Integrated IR Camera Use Surging 2014By: John Honovich, Published on Jun 10, 2014
Not too long ago, integrated IR cameras were looked down upon. Like offering the Queen of England a baloney sandwich, integrated IR cameras were considered beneath real professionals.
Times have changed. Quickly.
New IPVM integrator statistics show that integrated IR usage has surged. Inside, we break down the numbers are share why integrators are increasingly using these cameras.
More than 1/3rd of all cameras integrators deploy have integrated IR:
Even more noteworthy, a significant number of integrators almost always use integrated IR, even though they almost never use budget offerings like cube cameras.
And there is clearly room to grow, as ~1/3rd of integrators rarely use integrated IR cameras, but as the comments below show, even they see this changing in the near future.
The main reasons for integrated IR were straight forward - It is a low cost way to get images at night. Representative comments included:
- "Its very cost effective comparing to external IR. price difference between without IR and with IR is not much 20-50 usd max"
- "They typically guarantee a shot in complete darkness if the location doesn't have any light. We will always encourage natural light be available at night, but this is not always the case."
- "Having IR in very dark areas usually is better than relying on a non-IR cam which shows very blurry video in dark areas."
- "Integrated IR cheaper than adding an IR illuminator."
Not Big Reasons Against - Bugs and Megapixel
Two of the biggest selling points against IR has traditional been that IR attracts bugs and that megapixel is bad in low light.
Interestingly, though these issues only came up once or twice each, showing that these are not major drivers for practical selection of integrated IR.
However, there definitely was a number of major themes against integrated IR.
#1 CON - Limited Distance
The most frequently cited negative against integrated IR was distance the IR can reach, with integrators noting:
- "For larger areas, the integrated IR does not always provide enough light, so we need to use an external IR"
- "Outdoors we are typically using separate illuminators for the distance they are capable of providing"
- "Range on IR was another reason."
- "The integrated IR doesn't have the distance we are looking for when compared to what the customer wants to see."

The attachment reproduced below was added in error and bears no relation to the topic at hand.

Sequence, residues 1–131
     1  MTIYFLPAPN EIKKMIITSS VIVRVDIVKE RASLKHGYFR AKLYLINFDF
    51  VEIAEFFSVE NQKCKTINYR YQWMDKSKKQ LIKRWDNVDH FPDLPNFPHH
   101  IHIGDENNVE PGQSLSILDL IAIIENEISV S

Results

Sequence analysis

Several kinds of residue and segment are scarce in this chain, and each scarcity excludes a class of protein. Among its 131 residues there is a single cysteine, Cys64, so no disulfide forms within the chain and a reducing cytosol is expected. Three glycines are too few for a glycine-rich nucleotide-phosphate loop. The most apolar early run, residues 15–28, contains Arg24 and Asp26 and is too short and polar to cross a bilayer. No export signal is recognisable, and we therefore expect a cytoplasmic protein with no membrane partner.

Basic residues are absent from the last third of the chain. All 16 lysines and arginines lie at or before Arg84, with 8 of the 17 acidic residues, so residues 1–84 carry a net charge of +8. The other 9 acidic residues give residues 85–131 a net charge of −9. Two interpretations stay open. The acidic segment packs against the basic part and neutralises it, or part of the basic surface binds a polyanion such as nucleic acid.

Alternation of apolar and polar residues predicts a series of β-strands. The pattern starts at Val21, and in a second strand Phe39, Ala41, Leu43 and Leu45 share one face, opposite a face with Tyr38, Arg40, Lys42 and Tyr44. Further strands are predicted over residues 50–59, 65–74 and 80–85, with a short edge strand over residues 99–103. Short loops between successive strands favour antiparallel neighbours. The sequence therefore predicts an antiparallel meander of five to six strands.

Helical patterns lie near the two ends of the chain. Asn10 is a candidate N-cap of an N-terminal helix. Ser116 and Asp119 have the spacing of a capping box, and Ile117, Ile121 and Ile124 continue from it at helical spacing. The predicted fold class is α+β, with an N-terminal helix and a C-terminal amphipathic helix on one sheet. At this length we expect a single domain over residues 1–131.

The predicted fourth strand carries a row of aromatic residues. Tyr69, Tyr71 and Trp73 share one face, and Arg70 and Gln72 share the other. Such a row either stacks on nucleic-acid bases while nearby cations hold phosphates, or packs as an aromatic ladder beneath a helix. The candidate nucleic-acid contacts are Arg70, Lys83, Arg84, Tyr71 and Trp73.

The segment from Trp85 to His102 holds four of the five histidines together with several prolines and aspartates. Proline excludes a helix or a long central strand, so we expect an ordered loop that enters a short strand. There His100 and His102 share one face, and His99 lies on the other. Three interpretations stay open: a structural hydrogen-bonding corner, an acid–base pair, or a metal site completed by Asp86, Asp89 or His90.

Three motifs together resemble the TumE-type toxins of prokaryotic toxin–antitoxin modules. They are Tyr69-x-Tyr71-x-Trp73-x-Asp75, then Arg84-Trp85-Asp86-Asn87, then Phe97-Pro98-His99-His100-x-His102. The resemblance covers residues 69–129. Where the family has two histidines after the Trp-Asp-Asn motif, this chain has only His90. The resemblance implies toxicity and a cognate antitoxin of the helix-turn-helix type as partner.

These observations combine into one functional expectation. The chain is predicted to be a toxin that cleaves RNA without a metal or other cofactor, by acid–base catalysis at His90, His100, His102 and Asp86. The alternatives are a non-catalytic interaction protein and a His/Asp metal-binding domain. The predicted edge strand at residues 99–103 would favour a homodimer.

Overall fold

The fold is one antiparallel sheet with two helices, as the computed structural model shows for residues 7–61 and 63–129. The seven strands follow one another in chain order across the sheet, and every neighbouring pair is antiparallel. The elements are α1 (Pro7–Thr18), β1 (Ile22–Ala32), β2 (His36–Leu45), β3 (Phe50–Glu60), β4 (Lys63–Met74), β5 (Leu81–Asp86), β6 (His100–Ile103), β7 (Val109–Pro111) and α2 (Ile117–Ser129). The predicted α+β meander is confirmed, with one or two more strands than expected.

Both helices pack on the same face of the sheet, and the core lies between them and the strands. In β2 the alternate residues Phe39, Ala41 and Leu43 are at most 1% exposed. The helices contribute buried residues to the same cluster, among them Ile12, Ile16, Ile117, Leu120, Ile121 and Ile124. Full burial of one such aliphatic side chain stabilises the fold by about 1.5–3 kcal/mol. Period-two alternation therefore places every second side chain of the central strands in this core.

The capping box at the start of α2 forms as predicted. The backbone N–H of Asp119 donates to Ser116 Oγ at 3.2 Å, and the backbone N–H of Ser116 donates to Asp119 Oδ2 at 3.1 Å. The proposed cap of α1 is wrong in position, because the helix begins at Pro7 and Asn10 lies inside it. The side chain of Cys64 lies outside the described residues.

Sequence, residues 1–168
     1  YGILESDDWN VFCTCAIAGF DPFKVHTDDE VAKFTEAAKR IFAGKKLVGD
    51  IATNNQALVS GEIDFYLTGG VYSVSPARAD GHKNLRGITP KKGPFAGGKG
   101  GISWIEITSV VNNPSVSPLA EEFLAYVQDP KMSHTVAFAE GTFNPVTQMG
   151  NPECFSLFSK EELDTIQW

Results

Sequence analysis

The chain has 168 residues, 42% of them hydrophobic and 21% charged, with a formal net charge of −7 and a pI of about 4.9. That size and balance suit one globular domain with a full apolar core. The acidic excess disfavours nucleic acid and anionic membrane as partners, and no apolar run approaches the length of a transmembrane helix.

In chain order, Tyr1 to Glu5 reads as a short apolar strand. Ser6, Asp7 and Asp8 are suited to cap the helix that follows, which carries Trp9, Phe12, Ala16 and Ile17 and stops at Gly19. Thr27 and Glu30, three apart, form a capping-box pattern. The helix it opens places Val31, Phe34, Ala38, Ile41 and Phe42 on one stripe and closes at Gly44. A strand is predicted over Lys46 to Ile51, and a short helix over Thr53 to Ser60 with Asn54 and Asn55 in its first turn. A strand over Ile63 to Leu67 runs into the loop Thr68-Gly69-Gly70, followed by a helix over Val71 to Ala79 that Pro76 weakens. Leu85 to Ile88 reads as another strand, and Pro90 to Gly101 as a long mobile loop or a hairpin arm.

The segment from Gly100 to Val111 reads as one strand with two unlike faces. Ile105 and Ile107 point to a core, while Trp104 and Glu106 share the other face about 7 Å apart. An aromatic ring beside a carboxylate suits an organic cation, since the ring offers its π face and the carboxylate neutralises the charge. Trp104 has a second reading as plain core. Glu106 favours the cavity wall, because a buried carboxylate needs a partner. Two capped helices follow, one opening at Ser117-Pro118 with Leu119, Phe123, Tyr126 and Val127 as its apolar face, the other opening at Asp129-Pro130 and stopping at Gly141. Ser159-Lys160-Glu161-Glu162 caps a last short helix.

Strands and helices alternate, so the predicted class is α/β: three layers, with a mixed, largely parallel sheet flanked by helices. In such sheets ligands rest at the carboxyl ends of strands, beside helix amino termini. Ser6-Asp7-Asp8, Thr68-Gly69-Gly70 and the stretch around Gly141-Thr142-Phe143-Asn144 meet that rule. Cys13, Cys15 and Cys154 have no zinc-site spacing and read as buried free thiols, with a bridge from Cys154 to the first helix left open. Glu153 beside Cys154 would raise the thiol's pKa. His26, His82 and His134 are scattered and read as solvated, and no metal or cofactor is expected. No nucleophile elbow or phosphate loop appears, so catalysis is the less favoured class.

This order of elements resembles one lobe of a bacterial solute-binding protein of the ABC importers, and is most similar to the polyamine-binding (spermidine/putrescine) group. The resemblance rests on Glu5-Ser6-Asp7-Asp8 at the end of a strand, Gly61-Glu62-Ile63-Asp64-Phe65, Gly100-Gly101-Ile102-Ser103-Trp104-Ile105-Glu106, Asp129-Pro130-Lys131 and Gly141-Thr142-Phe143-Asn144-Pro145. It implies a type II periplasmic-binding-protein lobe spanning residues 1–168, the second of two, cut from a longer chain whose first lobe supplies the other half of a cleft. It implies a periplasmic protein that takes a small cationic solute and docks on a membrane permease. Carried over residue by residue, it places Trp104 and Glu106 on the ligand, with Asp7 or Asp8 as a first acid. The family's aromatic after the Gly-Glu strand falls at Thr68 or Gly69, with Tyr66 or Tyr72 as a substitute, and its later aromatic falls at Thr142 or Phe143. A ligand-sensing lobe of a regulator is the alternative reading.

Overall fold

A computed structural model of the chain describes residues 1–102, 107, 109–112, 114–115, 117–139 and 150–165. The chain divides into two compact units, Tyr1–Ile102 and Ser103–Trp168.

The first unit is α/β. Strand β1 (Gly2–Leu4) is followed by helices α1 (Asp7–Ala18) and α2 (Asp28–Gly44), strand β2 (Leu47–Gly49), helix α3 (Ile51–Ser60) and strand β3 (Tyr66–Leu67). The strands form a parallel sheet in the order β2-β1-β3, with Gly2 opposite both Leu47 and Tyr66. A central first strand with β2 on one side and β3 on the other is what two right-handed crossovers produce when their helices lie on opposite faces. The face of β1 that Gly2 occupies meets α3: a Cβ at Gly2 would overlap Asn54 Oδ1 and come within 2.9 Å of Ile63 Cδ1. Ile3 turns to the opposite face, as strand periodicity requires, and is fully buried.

Though some exceptions exist, typically integrated IR cameras can only illuminate 50 feet / 15 meters or less. There is a clearly a growth market for longer range integrated IR.
Another theme was increasing the amount of white light instead. "We prefer having the client bring standard lighting into the location," said one. And another, "We recommend better lighting." This is, though, difficult to do as adding in lightning can be expensive and often requires coordination with other entities or departments.
Other reasons against IR varied, including:
- "I would use more if more of the higher end cameras offered integrated IR." Though another noted this changing, "In the past, the IR was not very smart. Our latest deployment included an AXIS P3364-LVE. This camera is very effective with its IR capabilities."
- "I prefer the Bosch Starlight and Axis lightfinder technologies to the integrated IR option. Sure, the cost is greater, but I have not been overly impressed with night image quality on most integrated IR products." See our Super Low Light vs Integrated IR Shootout for these two technologies head to head.
- "IR is some models or manufactures are more expensive and not required in all cases." This is true, especially with the major Western brands who have positioned integrated IR typically on their highest end units, not the entry level lines.
However, even the naysayers repeatedly indicated that use was going up:
- "Increasing. Before IR cameras were not that good."
- "We see this number growing. It really only comes down to cost differential."
- "Only recently have started to use integrated IR on a since Adaptive IR has hit the market."
- "We have gone to around 10% of our cameras utilizing IR technology. A year ago it was around 5%"
- "IR is getting better. Past experience had hot spots and not much use."
- "5%. Axis is our go-to, and I expect this to change as the IR lines expand"
In the next 3 years, we would not be surprised if integrated IR usage passed 50% of cameras, as manufacturers are clearly now committed to integrated IR, plus they are demonstrating enhanced performance with newer generations, like adaptive / smart IR and longer ranges.